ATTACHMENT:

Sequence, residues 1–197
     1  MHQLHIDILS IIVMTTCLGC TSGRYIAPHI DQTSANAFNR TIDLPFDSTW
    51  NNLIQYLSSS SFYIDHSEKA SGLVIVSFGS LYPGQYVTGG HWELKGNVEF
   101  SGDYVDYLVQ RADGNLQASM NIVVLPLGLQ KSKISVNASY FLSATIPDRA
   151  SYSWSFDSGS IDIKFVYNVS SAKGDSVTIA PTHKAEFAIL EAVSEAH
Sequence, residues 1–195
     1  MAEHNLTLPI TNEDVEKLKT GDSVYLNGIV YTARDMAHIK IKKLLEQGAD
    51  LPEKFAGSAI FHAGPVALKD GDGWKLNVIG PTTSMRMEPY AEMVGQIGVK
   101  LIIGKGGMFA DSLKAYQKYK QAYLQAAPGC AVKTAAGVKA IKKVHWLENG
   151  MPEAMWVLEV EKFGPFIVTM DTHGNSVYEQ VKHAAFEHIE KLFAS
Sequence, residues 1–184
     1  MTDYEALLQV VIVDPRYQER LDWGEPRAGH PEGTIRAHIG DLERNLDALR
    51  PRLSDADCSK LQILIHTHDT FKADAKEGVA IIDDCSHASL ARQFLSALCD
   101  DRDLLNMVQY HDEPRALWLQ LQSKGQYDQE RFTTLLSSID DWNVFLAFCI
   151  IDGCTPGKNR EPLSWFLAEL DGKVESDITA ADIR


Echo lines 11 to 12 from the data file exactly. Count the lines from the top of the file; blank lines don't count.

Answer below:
Sequence, residues 1–184
     1  MTDYEALLQV VIVDPRYQER LDWGEPRAGH PEGTIRAHIG DLERNLDALR